Keywords: innovation; indigenous knowledge sharing; indigenous knowledge erosion; knowledge management; organisational memory.
Open innovation and new product development in food manufacturing SMEs: the role of trust
by Kewalee Silapacharanan, Pittawat Ueasangkomsate, Haruthai NUMPRASERTCHAI
Abstract: The rapid changing of the business environment and technology has led many SMEs to engage in new product development (NPD) so as to deliver competitiveness in the market. This study is aimed at explaining the relationship between open innovation (OI), trust, and NPD performance in SMEs. Data is collected through a survey from 123 Thai SMEs in food manufacturing involved in launching new product during 2017 to 2019. The data was analysed by descriptive statistics and PLS-SEM. The results show that outbound OI practice has a direct effect on enhancing NPD performance, whereas inbound and coupled OI implementation need trust as a mediator, thus having an indirect effect on such performance. The findings reveal that SMEs in food manufacturing need to recognise the importance of open innovation along with the building of trust, if they are to achieve higher NPD performance.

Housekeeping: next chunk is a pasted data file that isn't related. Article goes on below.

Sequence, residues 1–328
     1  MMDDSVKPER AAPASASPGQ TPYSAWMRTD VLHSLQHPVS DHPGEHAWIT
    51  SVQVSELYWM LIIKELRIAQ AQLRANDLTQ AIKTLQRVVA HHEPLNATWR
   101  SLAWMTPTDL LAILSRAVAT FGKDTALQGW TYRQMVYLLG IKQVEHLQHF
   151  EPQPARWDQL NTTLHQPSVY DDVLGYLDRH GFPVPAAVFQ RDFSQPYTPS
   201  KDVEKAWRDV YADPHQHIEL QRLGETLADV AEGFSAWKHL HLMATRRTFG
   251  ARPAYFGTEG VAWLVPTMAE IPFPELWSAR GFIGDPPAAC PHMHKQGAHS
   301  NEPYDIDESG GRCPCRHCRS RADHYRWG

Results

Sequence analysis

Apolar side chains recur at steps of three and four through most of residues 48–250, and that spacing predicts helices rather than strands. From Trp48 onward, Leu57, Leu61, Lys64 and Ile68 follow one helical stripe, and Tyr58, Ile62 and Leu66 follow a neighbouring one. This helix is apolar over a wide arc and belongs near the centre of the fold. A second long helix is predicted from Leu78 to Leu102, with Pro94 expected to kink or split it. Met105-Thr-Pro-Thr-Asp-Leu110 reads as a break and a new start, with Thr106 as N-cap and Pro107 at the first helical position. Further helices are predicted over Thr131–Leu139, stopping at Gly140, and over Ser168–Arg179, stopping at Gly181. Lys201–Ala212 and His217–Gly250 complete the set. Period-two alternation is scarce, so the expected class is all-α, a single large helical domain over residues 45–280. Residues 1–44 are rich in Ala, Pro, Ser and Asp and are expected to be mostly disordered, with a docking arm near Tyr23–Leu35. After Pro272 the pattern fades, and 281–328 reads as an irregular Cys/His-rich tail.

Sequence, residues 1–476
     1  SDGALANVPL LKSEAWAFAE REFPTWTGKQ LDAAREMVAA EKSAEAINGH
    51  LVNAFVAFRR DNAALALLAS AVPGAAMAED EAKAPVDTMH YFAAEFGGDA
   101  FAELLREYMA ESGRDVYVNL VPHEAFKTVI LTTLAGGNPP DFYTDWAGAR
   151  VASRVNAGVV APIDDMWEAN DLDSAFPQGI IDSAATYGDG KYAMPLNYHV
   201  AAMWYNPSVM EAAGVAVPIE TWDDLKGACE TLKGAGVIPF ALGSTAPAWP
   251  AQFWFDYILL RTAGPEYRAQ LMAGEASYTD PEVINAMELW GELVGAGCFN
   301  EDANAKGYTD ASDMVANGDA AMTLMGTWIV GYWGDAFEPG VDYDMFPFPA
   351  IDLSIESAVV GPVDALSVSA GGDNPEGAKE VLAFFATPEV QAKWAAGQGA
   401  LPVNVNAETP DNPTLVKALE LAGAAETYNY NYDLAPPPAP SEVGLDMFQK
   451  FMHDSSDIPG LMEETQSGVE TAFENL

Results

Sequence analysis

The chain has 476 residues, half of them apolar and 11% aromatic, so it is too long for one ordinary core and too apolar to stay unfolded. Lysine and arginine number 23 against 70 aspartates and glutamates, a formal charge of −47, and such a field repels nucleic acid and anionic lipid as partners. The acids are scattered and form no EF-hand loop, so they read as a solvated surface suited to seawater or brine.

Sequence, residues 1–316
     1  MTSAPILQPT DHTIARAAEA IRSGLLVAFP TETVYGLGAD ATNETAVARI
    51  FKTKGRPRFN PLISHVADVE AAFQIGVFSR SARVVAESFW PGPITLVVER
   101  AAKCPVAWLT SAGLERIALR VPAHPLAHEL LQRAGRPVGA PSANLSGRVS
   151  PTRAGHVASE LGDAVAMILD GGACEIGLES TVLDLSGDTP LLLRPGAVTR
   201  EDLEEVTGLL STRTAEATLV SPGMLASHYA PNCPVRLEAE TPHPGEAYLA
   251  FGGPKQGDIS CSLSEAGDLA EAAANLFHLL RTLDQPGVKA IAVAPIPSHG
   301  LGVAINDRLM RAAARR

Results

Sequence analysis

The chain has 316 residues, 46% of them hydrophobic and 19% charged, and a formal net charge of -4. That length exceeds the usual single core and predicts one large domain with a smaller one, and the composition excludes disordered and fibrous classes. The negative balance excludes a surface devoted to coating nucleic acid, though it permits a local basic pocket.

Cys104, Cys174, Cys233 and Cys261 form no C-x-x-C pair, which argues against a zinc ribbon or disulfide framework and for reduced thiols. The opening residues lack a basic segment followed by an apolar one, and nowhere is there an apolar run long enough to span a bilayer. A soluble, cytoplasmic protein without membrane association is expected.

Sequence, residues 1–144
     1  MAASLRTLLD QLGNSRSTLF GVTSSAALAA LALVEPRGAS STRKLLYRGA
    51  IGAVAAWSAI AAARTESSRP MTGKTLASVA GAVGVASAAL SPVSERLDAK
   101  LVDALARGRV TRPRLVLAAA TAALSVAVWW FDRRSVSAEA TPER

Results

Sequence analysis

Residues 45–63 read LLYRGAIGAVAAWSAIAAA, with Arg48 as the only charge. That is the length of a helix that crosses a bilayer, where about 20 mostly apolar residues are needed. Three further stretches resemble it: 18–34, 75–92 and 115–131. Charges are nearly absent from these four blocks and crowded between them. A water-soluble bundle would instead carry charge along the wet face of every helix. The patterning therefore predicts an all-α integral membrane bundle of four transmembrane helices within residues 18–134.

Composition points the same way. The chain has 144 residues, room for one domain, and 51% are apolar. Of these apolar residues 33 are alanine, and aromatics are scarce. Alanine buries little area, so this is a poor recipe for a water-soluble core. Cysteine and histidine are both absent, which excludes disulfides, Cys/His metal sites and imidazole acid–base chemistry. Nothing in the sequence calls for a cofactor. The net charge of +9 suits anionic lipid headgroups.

Keywords: open innovation; trust; new product development; NPD; SME; food; manufacturing.
The productivity of technological networks in the Amazon innovation system: an analysis about the Triple Helix system in the state of Par
by Phelipe André Matos Cruz, Márcia Jucá Teixeira Diniz, Jorge O. Moreno